Eye Movement Desensitization and Reprocessing represents one of the most important and innovative steps in treating post traumatic stress syndrome (TSPT) and psychological traumas of the recent years. This technique was discovered by Doctor Francine Saphiro in 1989, and it is sustained by extensive research and recommended as treatment by the National Institute of Clinical Excellence (NICE). EMDR is a complex psychotherapy method which integrates many of the successful elements of the other therapeutic approaches and combines them with eye movements or other forms of bilateral stimulation, in ways which stimulate the brain’s information processing system.
The primary purpose of EMDR is to cure traumatic or stressful memories stored in a dysfunctional manner in the brain, and to allow the client to respond adaptively in the present. EMDR uses the body’s natural ability to heal and allows the brain to solve psychological problems with the same speed with which the body heals physical wounds/illnesses. EMDR can speed up the healing process after a traumatic experience and the positive effects are irreversible. The number of sessions in EMDR treatment varies depending on the complexity of the problems that need to be solved, but in general, it is 40% lower than the number of sessions needed in cognitive-behavioral therapy. EMDR has the possibility to facilitate profound therapeutic changes in a lesser time than it was traditionally believed it would be necessary, regardless of the number of years from the emergence of the event. Many controlled studies indicated that more than 80% of the simple civil TSPT cases were eliminated after 4-6 EMDR 90 minutes’ sessions.
The TSPT symptoms (flashbacks, intrusive thoughts, nightmares etc.) are caused by the traumatic information stored and blocked in the Central Nervous System, in the right hemisphere of the brain, frozen in time, isolated in its own neural network and recorded in the same manner in which it was initially experienced. No learning can take place because the subsequent therapeutic information cannot create an associative bond with them. That is why, when thoughts about trauma appear, they are connected to all the negative features of the original event. The results of the classic therapy session, self-help books and experiencing counter examples are also stored, but they remain in their own network. There is plenty of research that proves that we process the intellectual material in a different network than that in which we process the emotional material. This explains why we can believe something in a part of our brain but in a different part we can still have strong negative emotional reactions related to the traumatic event. Although veterans, victims of sexual abuse and rapes can acknowledge they are not at fault for what happened to them, oftentimes they continue to fight negative cognitive reactions and disturbing emotions. Again, this conflict happens due to the fact that incongruent information is stored in different neural networks. The EMDR technique connects what we think to what we feel, so that the traumatic memory can be fully processed.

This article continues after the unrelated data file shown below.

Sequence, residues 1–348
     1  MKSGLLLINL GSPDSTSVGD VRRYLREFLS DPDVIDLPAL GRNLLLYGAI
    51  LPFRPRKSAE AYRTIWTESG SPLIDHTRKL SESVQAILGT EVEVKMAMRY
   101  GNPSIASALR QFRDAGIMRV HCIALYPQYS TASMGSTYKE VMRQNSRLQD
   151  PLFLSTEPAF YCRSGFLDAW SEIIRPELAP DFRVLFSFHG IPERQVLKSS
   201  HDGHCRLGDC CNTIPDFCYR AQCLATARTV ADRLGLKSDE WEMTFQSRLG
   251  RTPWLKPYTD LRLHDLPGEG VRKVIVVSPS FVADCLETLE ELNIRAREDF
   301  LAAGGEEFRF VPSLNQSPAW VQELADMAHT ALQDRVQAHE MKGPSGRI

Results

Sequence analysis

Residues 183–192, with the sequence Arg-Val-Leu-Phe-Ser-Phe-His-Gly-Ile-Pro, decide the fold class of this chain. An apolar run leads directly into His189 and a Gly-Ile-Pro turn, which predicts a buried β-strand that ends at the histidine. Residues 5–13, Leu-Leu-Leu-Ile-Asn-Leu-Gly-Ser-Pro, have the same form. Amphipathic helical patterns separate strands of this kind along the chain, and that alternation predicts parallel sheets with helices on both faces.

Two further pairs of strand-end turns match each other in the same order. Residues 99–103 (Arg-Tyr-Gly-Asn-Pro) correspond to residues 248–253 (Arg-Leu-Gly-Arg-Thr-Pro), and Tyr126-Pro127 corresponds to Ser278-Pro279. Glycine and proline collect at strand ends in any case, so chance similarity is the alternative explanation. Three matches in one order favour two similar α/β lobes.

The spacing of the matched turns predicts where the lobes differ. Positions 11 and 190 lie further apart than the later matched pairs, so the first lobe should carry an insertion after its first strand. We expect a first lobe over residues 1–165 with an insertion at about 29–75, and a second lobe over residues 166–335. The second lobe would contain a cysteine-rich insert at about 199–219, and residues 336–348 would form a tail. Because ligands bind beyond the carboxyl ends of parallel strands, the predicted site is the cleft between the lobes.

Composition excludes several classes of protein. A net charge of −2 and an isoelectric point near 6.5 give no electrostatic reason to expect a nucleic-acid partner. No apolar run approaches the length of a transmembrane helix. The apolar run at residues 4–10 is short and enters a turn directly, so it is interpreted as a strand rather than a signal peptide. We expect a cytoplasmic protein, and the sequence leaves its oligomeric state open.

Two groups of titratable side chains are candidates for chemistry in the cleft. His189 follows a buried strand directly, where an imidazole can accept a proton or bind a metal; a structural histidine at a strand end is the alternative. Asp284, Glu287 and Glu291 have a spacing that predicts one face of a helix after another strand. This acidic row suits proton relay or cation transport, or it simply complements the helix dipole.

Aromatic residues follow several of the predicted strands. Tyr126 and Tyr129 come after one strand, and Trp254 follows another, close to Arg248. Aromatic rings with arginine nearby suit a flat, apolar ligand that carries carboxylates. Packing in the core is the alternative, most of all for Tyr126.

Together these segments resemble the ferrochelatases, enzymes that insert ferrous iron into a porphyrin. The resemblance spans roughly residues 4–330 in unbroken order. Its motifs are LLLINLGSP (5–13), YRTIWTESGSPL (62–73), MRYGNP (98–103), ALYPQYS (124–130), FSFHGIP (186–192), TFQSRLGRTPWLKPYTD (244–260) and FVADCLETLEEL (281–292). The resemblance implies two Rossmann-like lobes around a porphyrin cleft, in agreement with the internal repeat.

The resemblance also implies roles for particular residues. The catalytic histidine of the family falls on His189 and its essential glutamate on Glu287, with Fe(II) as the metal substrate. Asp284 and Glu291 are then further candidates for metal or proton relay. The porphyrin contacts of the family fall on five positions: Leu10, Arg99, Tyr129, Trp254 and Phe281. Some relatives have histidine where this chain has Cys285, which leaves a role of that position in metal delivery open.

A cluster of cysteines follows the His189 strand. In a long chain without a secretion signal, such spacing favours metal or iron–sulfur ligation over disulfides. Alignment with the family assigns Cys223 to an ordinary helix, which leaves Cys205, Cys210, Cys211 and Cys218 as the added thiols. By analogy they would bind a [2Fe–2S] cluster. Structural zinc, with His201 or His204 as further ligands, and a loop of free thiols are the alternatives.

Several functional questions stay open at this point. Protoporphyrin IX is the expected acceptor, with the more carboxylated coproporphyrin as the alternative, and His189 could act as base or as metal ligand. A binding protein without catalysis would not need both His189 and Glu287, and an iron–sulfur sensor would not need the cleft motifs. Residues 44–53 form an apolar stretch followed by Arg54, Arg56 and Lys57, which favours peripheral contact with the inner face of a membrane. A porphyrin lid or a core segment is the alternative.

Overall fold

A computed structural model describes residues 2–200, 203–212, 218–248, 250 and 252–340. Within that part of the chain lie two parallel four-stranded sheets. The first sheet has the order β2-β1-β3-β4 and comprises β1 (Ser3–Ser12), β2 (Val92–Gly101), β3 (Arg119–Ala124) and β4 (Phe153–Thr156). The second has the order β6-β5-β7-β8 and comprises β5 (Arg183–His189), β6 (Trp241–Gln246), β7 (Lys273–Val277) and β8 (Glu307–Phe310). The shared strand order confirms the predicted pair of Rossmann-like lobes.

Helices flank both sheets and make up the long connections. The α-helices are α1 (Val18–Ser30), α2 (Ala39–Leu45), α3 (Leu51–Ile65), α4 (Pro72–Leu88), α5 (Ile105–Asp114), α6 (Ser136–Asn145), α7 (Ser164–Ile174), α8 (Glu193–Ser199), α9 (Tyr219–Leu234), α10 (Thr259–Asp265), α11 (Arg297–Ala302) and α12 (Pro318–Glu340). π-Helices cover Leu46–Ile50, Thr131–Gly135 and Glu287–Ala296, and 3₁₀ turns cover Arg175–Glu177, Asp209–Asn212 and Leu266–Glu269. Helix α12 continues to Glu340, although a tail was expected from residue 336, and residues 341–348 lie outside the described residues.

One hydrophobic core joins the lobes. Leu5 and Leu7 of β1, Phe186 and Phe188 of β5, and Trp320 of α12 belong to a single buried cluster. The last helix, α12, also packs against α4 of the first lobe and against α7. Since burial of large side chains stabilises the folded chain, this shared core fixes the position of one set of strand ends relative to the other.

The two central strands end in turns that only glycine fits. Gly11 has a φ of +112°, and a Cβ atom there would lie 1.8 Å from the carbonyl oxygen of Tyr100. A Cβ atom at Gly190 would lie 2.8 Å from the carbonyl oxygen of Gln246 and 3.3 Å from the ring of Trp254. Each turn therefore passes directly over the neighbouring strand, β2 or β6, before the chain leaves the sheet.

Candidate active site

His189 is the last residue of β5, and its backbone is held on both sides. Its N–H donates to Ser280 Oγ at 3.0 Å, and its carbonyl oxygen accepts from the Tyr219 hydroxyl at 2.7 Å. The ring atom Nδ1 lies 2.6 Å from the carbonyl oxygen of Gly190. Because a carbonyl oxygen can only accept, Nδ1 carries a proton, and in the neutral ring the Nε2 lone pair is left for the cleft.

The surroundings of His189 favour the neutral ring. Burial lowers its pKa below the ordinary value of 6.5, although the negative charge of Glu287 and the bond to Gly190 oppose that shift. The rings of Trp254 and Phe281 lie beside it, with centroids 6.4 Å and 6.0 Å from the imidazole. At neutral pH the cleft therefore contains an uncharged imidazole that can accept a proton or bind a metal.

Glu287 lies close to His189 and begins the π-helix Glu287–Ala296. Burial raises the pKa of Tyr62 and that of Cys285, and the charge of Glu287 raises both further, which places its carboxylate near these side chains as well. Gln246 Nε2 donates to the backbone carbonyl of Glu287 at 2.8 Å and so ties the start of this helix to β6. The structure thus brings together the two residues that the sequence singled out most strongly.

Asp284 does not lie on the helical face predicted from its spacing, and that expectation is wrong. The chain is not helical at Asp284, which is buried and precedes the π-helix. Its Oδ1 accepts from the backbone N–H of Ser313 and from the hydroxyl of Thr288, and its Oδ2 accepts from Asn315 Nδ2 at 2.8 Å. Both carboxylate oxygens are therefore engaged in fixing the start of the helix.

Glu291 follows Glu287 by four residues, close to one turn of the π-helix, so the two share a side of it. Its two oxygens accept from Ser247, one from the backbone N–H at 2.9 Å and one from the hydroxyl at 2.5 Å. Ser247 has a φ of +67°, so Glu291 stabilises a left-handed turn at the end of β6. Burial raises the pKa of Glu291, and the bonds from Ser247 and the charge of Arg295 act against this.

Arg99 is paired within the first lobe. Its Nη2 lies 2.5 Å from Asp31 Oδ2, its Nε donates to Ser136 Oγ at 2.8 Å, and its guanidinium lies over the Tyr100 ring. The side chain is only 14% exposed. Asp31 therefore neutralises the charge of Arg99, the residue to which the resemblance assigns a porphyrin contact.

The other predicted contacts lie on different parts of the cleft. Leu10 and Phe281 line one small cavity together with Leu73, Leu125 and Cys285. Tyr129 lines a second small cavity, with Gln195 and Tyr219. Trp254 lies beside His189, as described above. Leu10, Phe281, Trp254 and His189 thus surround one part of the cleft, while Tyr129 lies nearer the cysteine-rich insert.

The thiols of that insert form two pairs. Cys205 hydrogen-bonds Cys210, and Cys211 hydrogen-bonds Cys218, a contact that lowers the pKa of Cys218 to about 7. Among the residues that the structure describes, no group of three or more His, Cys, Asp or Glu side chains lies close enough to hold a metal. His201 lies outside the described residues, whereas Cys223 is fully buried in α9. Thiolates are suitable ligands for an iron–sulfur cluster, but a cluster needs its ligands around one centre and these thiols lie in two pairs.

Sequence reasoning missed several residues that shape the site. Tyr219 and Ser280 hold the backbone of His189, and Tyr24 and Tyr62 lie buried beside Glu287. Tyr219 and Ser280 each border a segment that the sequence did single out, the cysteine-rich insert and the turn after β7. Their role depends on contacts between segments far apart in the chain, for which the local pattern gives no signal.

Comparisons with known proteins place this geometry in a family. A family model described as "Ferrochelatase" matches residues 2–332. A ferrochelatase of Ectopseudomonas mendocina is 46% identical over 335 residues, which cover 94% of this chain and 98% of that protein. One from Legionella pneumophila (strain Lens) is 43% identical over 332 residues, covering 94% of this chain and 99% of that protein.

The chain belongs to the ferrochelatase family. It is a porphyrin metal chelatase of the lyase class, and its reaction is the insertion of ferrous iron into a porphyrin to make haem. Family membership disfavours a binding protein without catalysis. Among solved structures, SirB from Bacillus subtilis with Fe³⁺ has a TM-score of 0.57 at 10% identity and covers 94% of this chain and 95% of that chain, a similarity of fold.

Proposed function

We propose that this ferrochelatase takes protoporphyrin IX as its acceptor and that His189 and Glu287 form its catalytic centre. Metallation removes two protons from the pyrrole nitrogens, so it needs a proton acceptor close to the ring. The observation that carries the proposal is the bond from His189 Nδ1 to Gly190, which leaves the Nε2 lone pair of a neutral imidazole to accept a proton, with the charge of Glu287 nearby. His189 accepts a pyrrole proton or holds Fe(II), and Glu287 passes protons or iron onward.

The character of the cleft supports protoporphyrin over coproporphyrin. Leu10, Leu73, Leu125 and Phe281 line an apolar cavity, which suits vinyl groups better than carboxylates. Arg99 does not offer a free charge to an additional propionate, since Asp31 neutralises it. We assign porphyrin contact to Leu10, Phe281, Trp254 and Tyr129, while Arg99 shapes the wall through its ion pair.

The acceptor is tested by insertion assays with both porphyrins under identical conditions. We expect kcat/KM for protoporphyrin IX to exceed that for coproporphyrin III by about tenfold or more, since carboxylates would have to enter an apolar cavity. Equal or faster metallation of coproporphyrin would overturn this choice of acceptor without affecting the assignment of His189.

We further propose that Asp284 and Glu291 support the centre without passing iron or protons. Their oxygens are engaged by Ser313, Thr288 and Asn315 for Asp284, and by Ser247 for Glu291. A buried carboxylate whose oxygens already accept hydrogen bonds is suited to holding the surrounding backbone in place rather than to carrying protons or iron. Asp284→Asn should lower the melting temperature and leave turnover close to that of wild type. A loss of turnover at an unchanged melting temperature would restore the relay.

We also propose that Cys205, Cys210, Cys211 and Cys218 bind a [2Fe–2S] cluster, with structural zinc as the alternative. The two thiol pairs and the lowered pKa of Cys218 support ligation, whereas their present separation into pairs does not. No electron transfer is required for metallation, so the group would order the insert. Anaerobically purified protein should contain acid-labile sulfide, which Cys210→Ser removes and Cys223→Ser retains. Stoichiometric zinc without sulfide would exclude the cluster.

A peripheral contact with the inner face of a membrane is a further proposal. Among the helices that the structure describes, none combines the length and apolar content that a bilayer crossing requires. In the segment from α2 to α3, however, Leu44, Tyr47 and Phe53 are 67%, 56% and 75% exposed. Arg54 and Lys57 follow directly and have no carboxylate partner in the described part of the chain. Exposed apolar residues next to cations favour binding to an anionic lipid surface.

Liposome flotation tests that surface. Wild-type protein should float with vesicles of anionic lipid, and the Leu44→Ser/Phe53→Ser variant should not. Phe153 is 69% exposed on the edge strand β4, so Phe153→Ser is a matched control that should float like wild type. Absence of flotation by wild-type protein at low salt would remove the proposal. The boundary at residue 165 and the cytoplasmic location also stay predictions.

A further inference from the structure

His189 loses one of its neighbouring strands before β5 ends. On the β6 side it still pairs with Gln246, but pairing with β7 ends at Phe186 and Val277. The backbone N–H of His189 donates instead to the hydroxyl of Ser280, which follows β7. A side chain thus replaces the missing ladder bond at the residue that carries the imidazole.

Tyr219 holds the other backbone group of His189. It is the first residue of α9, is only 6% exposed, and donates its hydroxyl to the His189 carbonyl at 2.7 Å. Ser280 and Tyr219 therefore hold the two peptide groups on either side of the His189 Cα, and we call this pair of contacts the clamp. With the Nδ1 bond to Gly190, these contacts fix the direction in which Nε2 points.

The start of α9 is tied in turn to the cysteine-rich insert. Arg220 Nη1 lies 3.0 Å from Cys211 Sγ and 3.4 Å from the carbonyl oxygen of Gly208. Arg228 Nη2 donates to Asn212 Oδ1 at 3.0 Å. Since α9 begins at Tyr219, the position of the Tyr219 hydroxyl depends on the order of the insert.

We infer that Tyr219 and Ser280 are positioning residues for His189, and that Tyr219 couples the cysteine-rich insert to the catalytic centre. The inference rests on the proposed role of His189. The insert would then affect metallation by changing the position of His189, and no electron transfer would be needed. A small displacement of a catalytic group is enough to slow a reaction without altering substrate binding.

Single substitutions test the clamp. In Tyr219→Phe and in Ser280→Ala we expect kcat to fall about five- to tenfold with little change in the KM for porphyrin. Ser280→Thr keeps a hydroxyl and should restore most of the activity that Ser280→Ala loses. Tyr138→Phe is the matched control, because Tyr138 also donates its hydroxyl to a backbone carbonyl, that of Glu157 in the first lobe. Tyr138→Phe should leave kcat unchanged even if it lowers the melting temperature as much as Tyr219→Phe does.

The purpose of the EMDR treatment is to quickly metabolize the dysfunctional residue from the past and to convert it into something useful. EMDR directly influences the way in which the brain functions and it can be seen as an inborn therapy that assists the brain in the process of working with the traumatic material, using a natural process called Adaptive Processing of Information. After a successful EMDR treatment, the traumatic memories are no longer painful when brought into conscience. Whatever happened can be remembered but it will not be disturbing anymore. When an event has been sufficiently processed, we remember it but we do not re-live the old emotions or sensations in the present. We are informed about our memories, not controlled by them.
EMDR therapists help their clients to reprocess traumatic memories by using a method which implies repeated stimulations from left to right (bilateral) of the brain, while the clients notice different aspects of the traumatic memory. It is thought that the EMDR bilateral stimulation creates biochemical changes in the brain, which help in processing information. The theories suggest that the way of action appears in the Limbic System, where the amygdala and the hippocampus are located.